Photo from Kidzone
The past few days, I've seen all kinds of Monarch butterflies. Their wings are so freakin' orange it's astonishing. I wondered if they were on their way to wherever it is they migrate to, and the more I looked at them, the more I wanted to know about them. They flitter and flutter in such a haphazard looking way, it's hard to believe that they can all get organized about where to fly to, hundreds of miles away.
- The Monarch's orange wings signal to predators that they are poisonous. As a larva (caterpillar), it eats only milkweed, and this is what makes the butterfly poisonous.
- Monarchs spend the winter in warm roosting locales, which are actually in tropical climates and which makes the Monarch a tropical butterfly.
- No other tropical butterfly migrates as far as the Monarch, which may travel up to 3,000 miles.
- Monarchs are split into two distinct groups, separated by the Rocky Mountains. The groups look the same and act the same on either side of the mountain range, but as far as anybody can tell, the two groups don't interbreed.
- In late summer and early fall, the cooler air tells the new Monarch it's time to come out of its pupa, or chrysalid. While other butterflies get to the task of mating at this point, the Monarch does not. Instead, the Monarch feeds to build up fat, which gets stored in its abdomen, and then begins the long journey south.
- While they travel, the Monarchs continue to eat, scooping nectar out of flowers with their long tongues which they unfurl like a tiny yet very long carpet. They actually gain weight as they travel south. Exactly how they're able to keep flying even though they're getting fatter is a mystery to lepidopterists.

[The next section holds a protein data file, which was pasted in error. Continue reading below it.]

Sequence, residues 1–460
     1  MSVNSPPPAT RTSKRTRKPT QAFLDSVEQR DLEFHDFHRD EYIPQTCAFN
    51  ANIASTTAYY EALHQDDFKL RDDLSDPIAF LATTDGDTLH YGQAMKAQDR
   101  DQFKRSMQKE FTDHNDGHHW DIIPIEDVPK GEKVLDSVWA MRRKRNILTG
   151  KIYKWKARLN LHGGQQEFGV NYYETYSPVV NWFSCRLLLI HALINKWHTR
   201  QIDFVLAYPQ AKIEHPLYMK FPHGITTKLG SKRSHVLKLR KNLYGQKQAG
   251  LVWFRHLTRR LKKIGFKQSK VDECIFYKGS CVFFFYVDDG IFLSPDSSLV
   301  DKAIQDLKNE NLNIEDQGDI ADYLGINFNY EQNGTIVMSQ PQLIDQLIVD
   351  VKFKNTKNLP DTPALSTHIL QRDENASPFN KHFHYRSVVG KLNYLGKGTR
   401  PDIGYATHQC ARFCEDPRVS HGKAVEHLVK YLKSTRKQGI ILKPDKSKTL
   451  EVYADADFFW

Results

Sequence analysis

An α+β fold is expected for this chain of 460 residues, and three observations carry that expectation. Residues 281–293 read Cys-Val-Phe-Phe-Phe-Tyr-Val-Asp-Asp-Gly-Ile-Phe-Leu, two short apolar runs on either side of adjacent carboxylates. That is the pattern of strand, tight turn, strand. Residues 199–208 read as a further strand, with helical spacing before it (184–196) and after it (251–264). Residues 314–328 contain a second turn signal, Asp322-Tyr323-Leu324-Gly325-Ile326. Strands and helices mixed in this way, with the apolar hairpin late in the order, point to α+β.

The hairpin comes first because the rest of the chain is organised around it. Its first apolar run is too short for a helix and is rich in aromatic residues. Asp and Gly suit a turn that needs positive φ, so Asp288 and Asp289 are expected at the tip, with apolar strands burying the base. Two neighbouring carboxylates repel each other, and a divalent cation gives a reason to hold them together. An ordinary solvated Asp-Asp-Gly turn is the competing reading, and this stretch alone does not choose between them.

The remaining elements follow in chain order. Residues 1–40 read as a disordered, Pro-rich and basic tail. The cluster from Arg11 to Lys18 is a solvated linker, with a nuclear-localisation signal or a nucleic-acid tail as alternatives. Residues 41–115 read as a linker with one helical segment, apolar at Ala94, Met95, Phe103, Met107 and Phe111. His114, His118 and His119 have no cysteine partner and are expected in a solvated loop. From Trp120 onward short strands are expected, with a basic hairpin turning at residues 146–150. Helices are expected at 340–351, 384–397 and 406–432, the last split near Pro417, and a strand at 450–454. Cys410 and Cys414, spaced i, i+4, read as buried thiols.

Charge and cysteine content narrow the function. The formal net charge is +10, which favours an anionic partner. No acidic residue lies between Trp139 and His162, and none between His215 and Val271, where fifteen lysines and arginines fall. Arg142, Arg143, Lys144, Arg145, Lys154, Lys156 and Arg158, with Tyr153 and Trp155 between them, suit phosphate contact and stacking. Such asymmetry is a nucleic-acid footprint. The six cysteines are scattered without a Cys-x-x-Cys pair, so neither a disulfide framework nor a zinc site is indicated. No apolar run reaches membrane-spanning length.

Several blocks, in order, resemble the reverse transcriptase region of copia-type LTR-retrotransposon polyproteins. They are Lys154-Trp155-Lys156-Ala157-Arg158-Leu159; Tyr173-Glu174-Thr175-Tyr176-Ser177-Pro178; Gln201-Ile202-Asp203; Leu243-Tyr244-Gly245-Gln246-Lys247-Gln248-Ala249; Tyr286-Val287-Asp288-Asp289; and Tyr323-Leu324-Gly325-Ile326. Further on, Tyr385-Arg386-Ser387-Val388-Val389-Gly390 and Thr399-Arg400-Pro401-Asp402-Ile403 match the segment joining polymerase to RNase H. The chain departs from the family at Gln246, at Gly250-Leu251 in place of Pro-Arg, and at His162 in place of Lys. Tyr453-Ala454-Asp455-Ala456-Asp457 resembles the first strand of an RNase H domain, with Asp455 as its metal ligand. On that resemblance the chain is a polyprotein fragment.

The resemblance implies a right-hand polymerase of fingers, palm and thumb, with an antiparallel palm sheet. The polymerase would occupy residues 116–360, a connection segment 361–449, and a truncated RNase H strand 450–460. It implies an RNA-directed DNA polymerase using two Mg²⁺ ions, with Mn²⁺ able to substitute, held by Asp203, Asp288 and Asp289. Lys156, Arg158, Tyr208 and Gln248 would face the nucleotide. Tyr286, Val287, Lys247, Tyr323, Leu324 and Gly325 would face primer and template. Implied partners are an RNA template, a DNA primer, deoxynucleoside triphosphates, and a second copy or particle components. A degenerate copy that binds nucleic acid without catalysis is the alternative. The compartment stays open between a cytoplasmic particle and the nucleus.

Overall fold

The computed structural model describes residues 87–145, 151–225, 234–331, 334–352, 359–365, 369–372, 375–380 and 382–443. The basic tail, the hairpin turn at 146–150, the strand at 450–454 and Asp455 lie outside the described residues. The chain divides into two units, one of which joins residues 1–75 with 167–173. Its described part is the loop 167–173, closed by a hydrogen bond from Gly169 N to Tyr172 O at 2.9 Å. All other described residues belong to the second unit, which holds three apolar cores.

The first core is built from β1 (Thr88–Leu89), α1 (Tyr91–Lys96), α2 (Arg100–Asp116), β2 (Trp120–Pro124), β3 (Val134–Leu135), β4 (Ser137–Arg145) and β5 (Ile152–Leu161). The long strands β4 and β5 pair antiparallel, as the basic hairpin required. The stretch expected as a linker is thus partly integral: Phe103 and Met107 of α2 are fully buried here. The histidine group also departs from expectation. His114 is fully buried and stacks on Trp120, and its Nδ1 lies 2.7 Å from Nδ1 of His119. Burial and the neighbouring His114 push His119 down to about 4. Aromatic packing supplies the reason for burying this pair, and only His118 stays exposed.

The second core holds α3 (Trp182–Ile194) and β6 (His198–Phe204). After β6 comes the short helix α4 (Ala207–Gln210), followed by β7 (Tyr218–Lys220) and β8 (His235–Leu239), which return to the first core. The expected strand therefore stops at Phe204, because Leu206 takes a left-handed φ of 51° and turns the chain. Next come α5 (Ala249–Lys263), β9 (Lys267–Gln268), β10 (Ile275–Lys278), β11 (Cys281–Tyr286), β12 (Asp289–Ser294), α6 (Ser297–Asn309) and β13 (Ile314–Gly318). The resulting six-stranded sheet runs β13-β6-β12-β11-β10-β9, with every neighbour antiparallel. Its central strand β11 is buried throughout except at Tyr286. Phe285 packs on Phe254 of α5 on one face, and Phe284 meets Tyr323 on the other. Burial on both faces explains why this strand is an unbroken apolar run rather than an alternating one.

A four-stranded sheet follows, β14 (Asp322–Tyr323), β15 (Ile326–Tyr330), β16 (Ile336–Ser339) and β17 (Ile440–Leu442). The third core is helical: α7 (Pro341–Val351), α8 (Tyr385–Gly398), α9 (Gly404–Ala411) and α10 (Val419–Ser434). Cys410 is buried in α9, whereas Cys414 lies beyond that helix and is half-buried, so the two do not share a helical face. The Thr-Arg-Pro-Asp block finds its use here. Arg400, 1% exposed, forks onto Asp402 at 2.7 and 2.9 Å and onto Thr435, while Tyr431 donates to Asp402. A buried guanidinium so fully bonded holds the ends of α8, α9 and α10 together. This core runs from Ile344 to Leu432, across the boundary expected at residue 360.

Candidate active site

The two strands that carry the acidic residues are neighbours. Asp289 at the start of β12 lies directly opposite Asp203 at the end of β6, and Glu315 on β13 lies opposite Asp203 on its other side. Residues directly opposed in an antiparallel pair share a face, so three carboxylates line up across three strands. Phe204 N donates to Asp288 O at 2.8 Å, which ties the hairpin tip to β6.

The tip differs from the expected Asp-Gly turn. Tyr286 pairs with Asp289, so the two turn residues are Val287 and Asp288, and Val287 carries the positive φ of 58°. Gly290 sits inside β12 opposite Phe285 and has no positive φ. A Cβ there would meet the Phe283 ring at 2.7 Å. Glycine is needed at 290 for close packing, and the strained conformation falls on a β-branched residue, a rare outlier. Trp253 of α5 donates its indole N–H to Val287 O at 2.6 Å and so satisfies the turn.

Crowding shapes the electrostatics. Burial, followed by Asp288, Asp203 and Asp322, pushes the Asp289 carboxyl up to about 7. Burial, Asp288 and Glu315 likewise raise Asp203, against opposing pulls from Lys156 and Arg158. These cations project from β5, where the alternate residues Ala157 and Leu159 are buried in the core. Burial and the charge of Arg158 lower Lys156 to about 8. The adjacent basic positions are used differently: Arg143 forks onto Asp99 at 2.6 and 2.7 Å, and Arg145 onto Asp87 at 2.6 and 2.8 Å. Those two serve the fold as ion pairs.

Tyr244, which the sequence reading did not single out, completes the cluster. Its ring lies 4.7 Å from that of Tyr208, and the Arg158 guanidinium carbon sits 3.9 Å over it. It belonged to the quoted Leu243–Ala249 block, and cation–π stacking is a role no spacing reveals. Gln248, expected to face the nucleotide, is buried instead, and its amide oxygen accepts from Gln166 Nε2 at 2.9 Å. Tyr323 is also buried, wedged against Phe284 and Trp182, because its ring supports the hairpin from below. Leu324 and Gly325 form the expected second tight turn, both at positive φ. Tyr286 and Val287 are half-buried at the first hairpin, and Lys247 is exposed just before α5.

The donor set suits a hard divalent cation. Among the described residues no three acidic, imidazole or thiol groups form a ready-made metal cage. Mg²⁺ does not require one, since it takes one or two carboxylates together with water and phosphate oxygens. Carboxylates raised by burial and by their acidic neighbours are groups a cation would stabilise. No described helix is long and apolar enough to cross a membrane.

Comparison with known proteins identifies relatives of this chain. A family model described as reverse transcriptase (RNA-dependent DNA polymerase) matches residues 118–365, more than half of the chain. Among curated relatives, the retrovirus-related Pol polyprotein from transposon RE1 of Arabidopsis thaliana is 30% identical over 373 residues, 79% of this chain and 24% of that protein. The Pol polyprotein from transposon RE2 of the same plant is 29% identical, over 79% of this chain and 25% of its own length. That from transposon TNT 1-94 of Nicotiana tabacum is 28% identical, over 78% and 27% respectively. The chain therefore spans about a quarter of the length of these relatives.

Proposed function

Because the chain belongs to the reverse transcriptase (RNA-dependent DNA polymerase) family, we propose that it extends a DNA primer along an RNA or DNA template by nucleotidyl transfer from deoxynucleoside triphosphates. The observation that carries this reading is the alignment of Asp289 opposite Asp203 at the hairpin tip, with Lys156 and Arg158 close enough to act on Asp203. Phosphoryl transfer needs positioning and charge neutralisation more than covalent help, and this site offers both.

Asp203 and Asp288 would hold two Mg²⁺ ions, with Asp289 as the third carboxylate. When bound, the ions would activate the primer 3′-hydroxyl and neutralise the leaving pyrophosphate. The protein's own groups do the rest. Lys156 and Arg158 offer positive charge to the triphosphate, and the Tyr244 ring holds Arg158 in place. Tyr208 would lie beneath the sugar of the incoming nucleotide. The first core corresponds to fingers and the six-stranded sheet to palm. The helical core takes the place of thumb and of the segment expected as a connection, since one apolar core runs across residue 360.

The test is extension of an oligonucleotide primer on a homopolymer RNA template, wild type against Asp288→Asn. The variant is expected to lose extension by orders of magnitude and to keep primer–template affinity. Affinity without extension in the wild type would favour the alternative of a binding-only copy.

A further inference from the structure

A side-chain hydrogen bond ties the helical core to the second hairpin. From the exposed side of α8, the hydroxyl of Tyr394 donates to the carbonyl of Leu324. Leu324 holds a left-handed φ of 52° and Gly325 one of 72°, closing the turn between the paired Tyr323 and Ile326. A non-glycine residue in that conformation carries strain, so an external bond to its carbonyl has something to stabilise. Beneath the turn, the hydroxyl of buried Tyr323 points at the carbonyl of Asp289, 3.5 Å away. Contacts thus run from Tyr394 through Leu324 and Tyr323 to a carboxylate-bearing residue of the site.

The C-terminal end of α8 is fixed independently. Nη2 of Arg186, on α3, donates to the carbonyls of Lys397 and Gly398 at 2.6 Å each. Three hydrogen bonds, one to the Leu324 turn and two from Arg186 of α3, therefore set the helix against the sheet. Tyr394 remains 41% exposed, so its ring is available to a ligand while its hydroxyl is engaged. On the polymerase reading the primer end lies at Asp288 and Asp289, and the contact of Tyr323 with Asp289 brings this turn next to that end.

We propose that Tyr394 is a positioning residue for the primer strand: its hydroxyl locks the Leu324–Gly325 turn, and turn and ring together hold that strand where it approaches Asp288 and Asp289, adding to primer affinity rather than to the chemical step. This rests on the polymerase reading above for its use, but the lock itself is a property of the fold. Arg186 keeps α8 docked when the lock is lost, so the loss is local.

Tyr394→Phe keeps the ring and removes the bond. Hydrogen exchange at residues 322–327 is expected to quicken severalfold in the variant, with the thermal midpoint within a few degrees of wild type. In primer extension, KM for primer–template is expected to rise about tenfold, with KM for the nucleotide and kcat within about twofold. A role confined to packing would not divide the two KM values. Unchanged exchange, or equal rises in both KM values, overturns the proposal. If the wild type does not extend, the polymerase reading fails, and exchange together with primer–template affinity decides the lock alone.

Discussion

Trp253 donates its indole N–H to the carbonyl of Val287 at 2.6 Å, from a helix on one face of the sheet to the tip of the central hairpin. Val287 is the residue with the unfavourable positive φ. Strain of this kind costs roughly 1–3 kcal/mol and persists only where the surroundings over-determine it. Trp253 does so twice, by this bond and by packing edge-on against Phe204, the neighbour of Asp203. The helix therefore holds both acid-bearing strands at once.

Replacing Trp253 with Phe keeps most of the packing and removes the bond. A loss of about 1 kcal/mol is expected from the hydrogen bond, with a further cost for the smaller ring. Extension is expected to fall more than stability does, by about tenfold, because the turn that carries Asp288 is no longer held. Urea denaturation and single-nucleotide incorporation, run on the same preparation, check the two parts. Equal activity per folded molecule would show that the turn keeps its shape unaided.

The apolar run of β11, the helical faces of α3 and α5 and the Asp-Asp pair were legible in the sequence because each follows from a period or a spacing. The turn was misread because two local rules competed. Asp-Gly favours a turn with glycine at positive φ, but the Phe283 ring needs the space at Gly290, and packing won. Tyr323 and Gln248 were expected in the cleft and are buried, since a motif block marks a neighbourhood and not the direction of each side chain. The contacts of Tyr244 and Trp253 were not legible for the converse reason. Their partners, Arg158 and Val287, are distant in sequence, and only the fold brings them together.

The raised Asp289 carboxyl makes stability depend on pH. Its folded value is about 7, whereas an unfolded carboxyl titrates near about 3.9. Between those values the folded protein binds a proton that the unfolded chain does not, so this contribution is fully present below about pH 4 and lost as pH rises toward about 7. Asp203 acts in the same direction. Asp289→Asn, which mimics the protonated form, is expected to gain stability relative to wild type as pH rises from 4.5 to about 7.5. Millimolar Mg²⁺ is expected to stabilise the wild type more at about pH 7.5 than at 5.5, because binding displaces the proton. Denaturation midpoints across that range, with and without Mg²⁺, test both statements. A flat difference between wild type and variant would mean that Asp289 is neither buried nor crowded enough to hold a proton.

- During the day, they fly by themselves, but at night they gather in clusters and keep flying. It's dangerous for them to stay in groups in daylight because this makes it easier for predators to snag several at a time.
- Depending on where they've come from, the Monarchs will fly to very specific places in southern California and Mexico and Florida.
Migration map from Queen's University Dept of Psychology
- The butterflies will go back to the same area each winter, often roosting in the exact same trees. The puzzling thing is, these are not the same butterflies that made the trip the previous fall. These are actually the great-great-grandchildren of the butterflies who left the roosting places the previous spring. No one knows how the butterflies know where to go to.
- Some researchers think that Monarchs navigate by using an internal sun compass that compensates for differences in time as they travel. As far as I can tell, this means they navigate according to the position of the sun relative to the equator. How in the world the butterflies know where the equator is, I have no idea.
- However, just this month, researchers also discovered that butterflies have special photoreceptors in their eyes that detect UV light. These UV receptors are connected to the part of the butterfly's brain that tells it when it's time to start flying. Presumably, these two things working in concert help the butterfly stay on course.
This is a ton of monarchs when they get where they're going.
- Monarchs are now endangered, and if you "molest a Monarch" in Pacific Grove, California, you may be fined $500.
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Monarch Watch, Migration & Tagging
Animal Facts, The Monarch Butterfly
Insecta Inspecta World, Monarch Butterfly
Queen's University, Department of Psychology, Animal Navigation, Monarch Butterflies
"How Butteflies Fly Thousands of Miles Without Getting Lost," News@HebrewU, the Hebrew University of Jerusalem, August 8, 2005
Journey North, Monarch Butterfly, Help track the monarch migration to Mexico